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Bank of England tells insurers there is still a "way to go" on climate risk

Bank of England tells insurers there is still a "way to go" on climate risk | Insurance Business

Bank of England tells insurers there is still a "way to go" on climate risk

Anna Sweeney, executive director of the insurance supervision division at the Bank of England, today delivered a speech at Moody’s Insurance Summit webinar on ‘The resilience of insurers in a changing climate’. During the event, Sweeney noted that insurance companies will play a critical role through their support of climate-related risks and their provision of critical long-term finance, which supports economic growth.

“Consequently,” she said, “the resilience and the ability to manage climate-related risks within the insurance industry is of significant importance.”

With global assets under management of over US$13 trillion (approx. £10.06 trillion), the insurance sector has a substantial role to play in helping to safeguard society against significant climate change, she said. Evaluating climate risk is not a new concept for the insurance sector and many businesses have been considering this for some time. However, she noted that there is still some way to go for a number of insurers when it comes to embedding a climate risk management strategy which is underpinned by regular scenario modelling and detailed climate disclosures from all relevant parties.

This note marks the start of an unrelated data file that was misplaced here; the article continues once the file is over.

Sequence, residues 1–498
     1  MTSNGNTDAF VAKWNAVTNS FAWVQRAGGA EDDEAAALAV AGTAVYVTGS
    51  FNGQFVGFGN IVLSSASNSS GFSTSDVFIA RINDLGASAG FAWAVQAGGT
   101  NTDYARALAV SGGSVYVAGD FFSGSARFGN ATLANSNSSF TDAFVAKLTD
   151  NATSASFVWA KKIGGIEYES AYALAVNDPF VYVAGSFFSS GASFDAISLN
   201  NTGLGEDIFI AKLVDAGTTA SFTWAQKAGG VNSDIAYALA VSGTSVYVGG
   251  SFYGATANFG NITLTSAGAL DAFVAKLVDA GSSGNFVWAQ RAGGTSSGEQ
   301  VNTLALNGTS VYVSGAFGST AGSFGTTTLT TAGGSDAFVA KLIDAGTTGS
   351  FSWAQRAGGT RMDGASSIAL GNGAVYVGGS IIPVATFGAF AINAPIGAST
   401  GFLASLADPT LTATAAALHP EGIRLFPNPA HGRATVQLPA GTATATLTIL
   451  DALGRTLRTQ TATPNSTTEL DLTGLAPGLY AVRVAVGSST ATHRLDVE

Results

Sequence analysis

Sweeney noted that how much of the capital insurers hold may be directly linked to their ability to cope with climate change risks. She also highlighted the possibility that the incentive to address climate change risk for both firms and supervisors could be enhanced if it was incorporated definitively into firms’ capital requirements.

“Climate risk remains a real and credible threat to the integrity and soundness of the global insurance industry which, without significant action now, will only get more pronounced in the future,” she said. “In light of this, the sector must continue to develop and enhance its approach, building on the early foundations of progress which demonstrated a commitment to mitigating the very worst impacts of climate change.”